Directly across from these galleries sits a quaint art shop called the “Art Mart,” where I met the strangest woman. As soon as I walked in, I was verbally assaulted and asked who I was and where I was from, and in turn the woman told me about how rambunctious of a child she was. (She currently had a broken leg, and told me a story about how she broke it as a child as well.) I fumbled around the store without purpose, until I came to the micron pen section. I love colorful micron pens and they work extremely well for sketching. I grabbed a couple and dreaded having to walk to the counter to have conversation again.

I paid with a card, and the woman scolded me for not having my signature on the back. “You must sign your card. What if it gets stolen?” she yelled as she knocked down a stack of papers on the desk in search of a pen. Wanting to just pay and leave, I didn’t put up much of a fight. She blamed the knocking over of the papers and other materials on her Italian and Netherland and whatever-the-hell-else descendants.

“I’m just a mutt! Have you heard about Newfies? My father is from Newfoundland,” she said. At this point I just ran out with my purchase, and once on the street I was in tears from laughter.

The walk continued, and we took a right on Monument Street. The first thing my eyes set on was Longfellow Books, and I knew this would be one of our last destinations. I can spend hours in a good book store. In the front of the bookstore was an enormous assortment of half priced books and used books. I eventually found a huge book on Banksy, a British street artist, for $4.00, originally retailed around $30.00. Near the register was an assortment of pins and I got three small author pins: Edgar Allan Poe, Henry David Thoreau, and Virginia Woolfe.

The man behind the counter was pleased that I got a Virginia Woolfe pin, and we started a conversation about the enormous lime green Bernie Sanders pin he had attached to his shirt. After I explained that we were from Vermont, he gave us both free Bernie pins.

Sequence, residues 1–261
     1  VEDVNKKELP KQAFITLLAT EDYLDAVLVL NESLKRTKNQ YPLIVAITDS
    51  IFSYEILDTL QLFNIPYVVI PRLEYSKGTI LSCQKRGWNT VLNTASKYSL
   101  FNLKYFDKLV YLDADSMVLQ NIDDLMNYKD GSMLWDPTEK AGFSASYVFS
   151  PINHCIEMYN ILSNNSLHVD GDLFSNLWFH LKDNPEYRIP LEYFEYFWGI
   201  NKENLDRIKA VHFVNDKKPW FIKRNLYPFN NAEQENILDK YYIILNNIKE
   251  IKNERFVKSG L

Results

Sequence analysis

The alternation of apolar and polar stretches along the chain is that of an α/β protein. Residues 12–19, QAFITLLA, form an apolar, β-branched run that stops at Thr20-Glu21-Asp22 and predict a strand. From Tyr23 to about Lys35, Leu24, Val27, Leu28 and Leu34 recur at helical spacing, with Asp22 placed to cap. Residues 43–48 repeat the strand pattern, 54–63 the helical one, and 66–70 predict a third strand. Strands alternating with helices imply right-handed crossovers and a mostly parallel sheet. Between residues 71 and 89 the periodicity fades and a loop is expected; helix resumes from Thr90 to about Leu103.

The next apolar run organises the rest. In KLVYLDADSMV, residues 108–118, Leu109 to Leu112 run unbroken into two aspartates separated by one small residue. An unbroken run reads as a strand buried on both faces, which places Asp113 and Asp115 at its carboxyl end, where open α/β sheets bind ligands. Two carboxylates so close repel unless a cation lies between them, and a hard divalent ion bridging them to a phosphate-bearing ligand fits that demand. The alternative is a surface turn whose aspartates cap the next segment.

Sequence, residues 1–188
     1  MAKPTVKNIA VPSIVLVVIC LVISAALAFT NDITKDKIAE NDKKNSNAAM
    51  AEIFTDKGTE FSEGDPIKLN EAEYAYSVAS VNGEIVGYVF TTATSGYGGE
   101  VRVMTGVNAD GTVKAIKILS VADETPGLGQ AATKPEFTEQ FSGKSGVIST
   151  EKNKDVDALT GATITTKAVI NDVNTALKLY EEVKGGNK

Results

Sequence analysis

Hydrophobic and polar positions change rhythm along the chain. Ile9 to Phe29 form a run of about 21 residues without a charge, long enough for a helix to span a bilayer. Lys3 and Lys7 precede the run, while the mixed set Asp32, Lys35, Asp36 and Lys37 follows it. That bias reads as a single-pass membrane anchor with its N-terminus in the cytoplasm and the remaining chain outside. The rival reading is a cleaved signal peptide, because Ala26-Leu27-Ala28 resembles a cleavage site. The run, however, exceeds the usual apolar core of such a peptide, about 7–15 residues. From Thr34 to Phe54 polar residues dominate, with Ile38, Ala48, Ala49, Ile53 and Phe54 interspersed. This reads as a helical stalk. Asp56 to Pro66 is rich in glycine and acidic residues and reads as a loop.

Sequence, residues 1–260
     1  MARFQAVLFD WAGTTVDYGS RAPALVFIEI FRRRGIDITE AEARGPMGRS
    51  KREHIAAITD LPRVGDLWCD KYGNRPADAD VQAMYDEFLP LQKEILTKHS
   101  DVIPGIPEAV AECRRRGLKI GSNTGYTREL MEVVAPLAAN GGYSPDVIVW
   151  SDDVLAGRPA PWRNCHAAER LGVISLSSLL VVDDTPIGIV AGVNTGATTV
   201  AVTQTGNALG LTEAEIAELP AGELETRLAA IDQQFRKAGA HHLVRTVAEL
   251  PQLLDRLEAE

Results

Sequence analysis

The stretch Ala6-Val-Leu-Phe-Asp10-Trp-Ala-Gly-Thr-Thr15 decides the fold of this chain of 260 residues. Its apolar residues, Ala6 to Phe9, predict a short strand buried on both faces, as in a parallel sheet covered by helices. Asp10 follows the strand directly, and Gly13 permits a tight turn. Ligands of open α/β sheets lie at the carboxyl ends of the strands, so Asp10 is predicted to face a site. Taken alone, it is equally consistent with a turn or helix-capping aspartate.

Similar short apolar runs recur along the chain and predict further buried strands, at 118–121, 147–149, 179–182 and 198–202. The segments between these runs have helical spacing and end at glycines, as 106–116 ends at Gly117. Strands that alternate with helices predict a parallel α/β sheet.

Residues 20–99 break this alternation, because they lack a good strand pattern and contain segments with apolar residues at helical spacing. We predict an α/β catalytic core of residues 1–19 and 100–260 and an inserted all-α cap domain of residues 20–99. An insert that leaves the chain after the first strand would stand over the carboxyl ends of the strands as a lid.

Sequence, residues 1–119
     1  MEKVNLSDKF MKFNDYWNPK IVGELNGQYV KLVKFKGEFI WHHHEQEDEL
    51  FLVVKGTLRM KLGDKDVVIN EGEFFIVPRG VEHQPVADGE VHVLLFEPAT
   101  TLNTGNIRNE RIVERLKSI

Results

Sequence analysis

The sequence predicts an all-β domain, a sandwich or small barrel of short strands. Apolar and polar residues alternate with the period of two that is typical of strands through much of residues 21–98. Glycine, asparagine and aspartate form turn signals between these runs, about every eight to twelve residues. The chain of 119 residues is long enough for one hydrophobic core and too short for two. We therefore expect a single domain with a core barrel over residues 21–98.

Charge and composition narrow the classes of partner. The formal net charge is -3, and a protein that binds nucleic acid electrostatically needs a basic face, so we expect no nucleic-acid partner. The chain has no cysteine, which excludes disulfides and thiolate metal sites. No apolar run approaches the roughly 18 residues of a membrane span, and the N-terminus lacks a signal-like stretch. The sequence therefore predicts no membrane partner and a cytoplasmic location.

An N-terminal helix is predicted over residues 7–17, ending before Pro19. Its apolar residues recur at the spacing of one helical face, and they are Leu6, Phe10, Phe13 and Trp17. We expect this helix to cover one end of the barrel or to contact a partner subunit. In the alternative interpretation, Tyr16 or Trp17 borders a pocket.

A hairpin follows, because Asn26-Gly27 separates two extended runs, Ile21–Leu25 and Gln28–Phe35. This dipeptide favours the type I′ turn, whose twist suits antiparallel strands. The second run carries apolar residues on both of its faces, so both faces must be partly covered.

Jessie’s one and only need on the trip was to see the oldest lighthouse in Portland, Portland Head Light, which is across the bridge and in Cape Elizabeth. The drive was relatively quick, but a little confusing because we had no clue that it had been adapted into a park. Driving through Cape Elizabeth is vastly different, as the houses are more like mansions. After missing the turn, we drove into the park and walked to the shoreline.

Being midday in spring, the wind was very fierce but the trails along the shoreline stretched for probably five miles and had benches along the way for outlooks. Binoculars were also situated with benches every so often. Like any ocean front, the air was filled with the fresh scent of salt, and seagulls loomed overhead. Two lighthouses were present, and the larger one had a look-out dock to see the Head Light. After shooting a roll of film and walking nearly a mile, we were ready to move on.

“Do you care if we go back to Maine Squeeze before heading home? It was so good I want to try another smoothie,” Jessie said. That was our last stop, and it was nearing 7 p.m. We made it back in Vermont around 10 p.m., and were exhausted by the day but proud we navigated a new place so well.

As a college student, I often get bored with the mundane weekends in the little town of Johnson, Vermont, and assume others do as well. Are you looking for a getaway that is only four hours away, and doesn’t require driving through rush-hour city traffic? Look no further than Portland, Maine, an artsy college-town fueled by weirdos.